A ROOSTER FOR GOING BEYOND MYTHS
By Guilherme d'Oliveira Martins
President of Centro Nacional de Cultura
Talking about a rooster in Portugal is not evoking an insignificant symbol, it is recalling deep cultural roots that came from the past and are projected in future time and overseas. There are no doubts that this is a strong symbol – and it is not enough to remind that, in Greek mythology, symbol (simbolo) is exactly what brings together, in opposition to diabolo, which is what divides…. Some would say, wrongly, that the rooster is a relative recent invention. That it comes from a legend, perhaps from the 16th or 17th century, about a rooster that saved someone who was unfairly convicted or even that it was a late discovery at the fairs in the Portuguese region of Entre Douro e Minho. "Our" Rooster of Barcelos, that Joana Vasconcelos stylized and enriched with decoration, making it even more symbolic of ourselves, comes unequivocally from our Celtic heritage – an heritage that António Pedro felt so deeply that made him enjoy bagpipes and the garish colours transmitted so well by Amadeo de Souza Cardoso in his unforgettable and unrepeatable paintings. No doubts about the rooster of Portugal. It is the Indo-European element that connects us to the Galatians, from Middle East to Turkey, to Polish Galicia, to Wales, to Gauls and to Galiza – all of them brothers.
It is true that Leitão de Barros, António Manuel Couto Viana and Artur Maciel went in search of a popular symbol – they found it and enriched it with strong colours and hearts illustrating one thousand affections. However, already in the 19th century, Rocha Peixoto talks us about the 'whistle rooster' ['galo de apito'], which one can still find at fairs and is related to the strong symbology of who announces, at the aurora, the new day and the new times. Our distinct rooster is present in the tradition of the druids, but also in the Christian symbology of Saint Pedro. The rooster is the herald of the sun, but also a sign of truth and fidelity. Rediscovered at the fairs in the region of Entre Douro e Minho and painted with bright colours, the rooster reveals a loving heart, a discontent contentment love as in camonian poetry, but it also recalls longing as memory and desire, magnificent agapes and banquets of love and friendship. Culturally, the rooster means the melting pot that characterizes us in this place where the land ends and the sea begins, Finisterra.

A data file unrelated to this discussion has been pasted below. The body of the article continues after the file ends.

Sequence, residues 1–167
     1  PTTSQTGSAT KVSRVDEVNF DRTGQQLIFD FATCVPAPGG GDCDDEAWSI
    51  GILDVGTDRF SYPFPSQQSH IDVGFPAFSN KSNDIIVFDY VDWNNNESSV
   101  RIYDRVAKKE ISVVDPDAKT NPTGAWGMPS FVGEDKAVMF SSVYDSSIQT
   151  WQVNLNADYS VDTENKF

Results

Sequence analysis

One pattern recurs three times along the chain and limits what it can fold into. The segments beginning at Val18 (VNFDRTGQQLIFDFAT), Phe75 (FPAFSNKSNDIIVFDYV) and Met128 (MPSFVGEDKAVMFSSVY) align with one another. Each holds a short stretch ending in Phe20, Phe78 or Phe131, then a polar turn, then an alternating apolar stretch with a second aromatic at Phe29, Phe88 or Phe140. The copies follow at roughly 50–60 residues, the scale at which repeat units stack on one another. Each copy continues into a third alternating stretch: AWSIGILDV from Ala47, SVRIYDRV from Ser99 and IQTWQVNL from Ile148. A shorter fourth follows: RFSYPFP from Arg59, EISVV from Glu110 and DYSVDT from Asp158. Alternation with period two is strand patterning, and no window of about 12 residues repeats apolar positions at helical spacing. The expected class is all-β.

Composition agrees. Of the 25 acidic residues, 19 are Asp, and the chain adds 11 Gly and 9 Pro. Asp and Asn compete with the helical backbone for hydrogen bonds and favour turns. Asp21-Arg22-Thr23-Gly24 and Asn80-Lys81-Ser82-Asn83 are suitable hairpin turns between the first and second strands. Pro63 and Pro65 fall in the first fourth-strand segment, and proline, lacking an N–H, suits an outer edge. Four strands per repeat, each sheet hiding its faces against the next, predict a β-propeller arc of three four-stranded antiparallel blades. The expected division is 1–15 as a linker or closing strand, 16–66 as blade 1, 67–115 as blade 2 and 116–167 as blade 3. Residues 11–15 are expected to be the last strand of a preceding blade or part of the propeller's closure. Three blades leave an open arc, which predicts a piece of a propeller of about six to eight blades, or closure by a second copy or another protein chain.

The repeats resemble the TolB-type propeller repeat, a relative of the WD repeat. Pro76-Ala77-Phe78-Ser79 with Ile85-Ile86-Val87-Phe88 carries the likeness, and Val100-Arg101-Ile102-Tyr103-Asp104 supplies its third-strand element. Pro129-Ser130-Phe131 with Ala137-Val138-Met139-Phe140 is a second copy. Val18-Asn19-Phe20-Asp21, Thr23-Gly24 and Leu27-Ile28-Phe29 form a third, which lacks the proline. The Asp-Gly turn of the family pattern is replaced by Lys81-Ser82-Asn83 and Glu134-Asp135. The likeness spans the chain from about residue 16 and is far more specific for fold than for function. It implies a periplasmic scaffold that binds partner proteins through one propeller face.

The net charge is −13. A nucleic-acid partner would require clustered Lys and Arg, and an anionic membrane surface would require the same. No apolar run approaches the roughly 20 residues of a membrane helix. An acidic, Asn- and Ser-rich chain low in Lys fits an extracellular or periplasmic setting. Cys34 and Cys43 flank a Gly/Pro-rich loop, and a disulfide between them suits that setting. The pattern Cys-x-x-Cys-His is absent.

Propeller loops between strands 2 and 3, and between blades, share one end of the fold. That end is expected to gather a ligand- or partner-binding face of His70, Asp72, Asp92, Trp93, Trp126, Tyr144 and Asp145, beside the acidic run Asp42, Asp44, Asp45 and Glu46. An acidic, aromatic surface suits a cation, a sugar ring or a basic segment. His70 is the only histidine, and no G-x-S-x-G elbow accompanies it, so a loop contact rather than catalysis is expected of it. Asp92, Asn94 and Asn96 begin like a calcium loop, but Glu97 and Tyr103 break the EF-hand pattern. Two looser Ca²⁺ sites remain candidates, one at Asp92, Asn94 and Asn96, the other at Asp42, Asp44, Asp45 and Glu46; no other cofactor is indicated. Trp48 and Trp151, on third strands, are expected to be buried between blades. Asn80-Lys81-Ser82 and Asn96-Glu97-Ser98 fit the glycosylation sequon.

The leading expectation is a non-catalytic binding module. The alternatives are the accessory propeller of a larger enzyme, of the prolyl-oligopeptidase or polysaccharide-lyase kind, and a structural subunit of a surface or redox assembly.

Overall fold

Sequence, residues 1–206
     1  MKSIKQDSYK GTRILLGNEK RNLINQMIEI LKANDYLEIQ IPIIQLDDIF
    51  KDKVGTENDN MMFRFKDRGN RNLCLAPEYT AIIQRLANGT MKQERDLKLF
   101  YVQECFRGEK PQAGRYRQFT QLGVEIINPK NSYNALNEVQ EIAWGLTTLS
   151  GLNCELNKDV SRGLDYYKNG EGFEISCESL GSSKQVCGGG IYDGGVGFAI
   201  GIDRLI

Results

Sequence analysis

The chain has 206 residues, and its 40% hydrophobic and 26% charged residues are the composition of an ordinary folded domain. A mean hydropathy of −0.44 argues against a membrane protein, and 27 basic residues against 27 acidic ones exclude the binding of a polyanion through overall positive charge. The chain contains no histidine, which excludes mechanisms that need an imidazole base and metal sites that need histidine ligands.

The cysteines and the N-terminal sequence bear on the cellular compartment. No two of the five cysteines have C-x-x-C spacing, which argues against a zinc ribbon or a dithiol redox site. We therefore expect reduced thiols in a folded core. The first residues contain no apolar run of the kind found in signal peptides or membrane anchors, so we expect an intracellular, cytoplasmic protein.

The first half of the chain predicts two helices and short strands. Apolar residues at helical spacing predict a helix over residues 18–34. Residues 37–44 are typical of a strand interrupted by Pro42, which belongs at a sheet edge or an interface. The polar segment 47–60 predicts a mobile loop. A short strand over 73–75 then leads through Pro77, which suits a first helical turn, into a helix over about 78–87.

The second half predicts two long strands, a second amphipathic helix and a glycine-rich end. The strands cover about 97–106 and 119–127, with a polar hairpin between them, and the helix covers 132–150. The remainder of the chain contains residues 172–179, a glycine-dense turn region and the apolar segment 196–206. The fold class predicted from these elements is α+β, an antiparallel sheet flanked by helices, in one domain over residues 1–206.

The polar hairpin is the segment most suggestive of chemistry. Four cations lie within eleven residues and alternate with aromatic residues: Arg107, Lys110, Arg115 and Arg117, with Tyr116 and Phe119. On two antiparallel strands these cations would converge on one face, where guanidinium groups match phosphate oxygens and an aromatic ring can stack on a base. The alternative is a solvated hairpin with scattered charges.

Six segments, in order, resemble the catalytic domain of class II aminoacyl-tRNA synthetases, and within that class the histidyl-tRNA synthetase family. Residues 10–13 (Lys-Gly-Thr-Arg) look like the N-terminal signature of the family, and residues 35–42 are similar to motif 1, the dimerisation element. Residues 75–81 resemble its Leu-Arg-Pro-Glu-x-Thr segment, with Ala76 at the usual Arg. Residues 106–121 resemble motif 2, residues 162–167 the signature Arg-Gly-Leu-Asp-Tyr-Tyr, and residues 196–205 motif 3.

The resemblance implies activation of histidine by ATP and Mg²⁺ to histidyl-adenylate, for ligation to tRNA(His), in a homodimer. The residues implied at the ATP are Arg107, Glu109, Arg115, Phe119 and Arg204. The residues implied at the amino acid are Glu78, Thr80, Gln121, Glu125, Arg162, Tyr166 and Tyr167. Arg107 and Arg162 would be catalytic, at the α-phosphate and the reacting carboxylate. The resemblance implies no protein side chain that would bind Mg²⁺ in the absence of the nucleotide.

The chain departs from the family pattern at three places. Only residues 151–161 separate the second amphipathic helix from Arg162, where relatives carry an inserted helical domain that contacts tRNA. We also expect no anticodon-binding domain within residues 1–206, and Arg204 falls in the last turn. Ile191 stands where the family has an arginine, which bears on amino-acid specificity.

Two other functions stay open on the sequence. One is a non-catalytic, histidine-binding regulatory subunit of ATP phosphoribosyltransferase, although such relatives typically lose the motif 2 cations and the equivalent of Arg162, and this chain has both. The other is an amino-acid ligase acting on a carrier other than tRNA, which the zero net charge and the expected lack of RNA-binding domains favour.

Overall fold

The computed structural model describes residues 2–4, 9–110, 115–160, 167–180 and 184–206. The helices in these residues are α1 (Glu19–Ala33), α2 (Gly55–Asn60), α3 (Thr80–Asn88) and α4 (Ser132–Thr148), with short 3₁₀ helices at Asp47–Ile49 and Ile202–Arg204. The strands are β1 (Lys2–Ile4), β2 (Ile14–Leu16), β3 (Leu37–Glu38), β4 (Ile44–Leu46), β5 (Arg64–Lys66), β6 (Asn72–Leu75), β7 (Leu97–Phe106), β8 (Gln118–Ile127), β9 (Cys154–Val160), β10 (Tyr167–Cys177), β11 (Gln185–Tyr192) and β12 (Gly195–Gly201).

The multiple paths the Portuguese explored took our symbols to the Indias, Africa, Brasil…. This is the reason why referring to traditional, historic and popular ancient roots constitute an intense link that allows us to perceive that a cultural or linguistic identity only exists if it interacts with others realities and influences.
The topic of cultural identity requires the recognition that only openness and dialogue, the fertile relation between heritage and memory and the dynamic understanding of patrimony can allow a culture of peace and mutual respect to develop. The Identity that crystallizes will die. The memory that focus exclusively in the mythical past becomes poor, narrow and resentful. The heritage that doesn't get stronger with contemporary creation and with permanent critical reinvention will vanish.
The reference to the utopia of Tomas Morus is brought to us by a Portuguese sailorman. The idea of travelling in India or of going beyond Taprobana corresponds to an appeal for an adventure that creates and critically reconstructs myths.
How can we understand the Candomblé and the syncretic religiosity – bringing together animism and Christian tradition – that connects the Lord of Bonfim to the court of orixás, so present since Saint João Baptista de Ajudá to Salvador da Baia? Oxalá, the great Lord of All, and Iemanjá, the Goddess of the Sea, rule that Olimpo.
The rooster is the battle bird, the good fortune teller.
This is the reason why the Rooster is not a regionalist brand or a recent symbol. It is ancient and universal. After all, it is a symbol for going, through critique, beyond myths.